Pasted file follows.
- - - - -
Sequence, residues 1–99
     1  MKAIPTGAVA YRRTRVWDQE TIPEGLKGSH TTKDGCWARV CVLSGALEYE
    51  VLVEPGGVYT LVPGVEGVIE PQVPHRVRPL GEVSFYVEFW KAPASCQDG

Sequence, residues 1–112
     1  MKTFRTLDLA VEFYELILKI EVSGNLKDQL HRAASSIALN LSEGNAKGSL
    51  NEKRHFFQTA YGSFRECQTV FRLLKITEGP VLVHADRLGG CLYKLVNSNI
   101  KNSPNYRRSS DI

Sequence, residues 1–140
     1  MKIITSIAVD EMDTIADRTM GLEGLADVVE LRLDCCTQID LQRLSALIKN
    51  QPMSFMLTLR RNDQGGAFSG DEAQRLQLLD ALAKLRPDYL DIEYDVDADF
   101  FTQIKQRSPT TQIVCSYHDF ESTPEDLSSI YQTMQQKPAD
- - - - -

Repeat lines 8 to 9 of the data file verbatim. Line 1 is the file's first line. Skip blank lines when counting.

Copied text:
Sequence, residues 1–140
     1  MKIITSIAVD EMDTIADRTM GLEGLADVVE LRLDCCTQID LQRLSALIKN